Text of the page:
Dynamic Planet B/C

Jimean716
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Re: Dynamic Planet B/C

Postby Jimean716 » May 17th, 2011, 10:19 am

So is the Caspian Sea considered a lake or not? If asked on a test to rank the largest lakes, should I include it?
Yes :geek:
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Re: Dynamic Planet B/C

Postby Luo » May 24th, 2011, 12:46 pm

The Dynamic Planet test at Nationals was unlike any I'd taken before. I was clueless for a large portion of it. What'd you all think?
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gyourkoshaven
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Re: Dynamic Planet B/C

Postby gyourkoshaven » May 24th, 2011, 12:57 pm

I don't know about C, but I felt that the B test was too short and too heavily emphasized maps.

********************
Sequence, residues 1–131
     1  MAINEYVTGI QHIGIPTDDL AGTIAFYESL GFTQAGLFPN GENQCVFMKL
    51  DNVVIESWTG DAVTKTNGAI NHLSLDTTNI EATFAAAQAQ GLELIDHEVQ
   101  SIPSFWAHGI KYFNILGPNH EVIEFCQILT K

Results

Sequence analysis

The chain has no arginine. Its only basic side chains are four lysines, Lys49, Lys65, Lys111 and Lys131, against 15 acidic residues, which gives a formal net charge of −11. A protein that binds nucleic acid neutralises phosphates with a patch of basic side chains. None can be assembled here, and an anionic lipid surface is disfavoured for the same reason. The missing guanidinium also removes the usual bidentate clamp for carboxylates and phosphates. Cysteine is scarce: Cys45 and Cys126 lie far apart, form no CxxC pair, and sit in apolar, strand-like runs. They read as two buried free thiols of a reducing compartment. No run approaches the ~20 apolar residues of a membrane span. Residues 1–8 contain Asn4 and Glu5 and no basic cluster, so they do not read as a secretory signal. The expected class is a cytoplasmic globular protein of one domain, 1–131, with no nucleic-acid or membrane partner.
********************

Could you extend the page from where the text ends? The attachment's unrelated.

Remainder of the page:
Strath Haven MS:
2008: Regionals-3, States-5
2009: Regionals-2, States-4
2010: Regionals-1, States-2, Nationals-19 :)
2011 (Co-captain): Regionals-1, States-1, Nationals-11 :D

Nationals: Aquifers-37, Compute This-13, Dynamic Planet-25, Ecology-6, Experimental Design-7, Junkyard-33

Moving to C...

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Re: Dynamic Planet B/C

Postby Luo » May 24th, 2011, 12:59 pm

I don't know about C, but I felt that the B test was too short and too heavily emphasized maps.
Wow, that's interesting. The C Division supervisor told us that he wrote the test so that no teams would be able to finish (thus, it was really long). What did other people think of the C Division test?
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The Eviscerator
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Re: Dynamic Planet B/C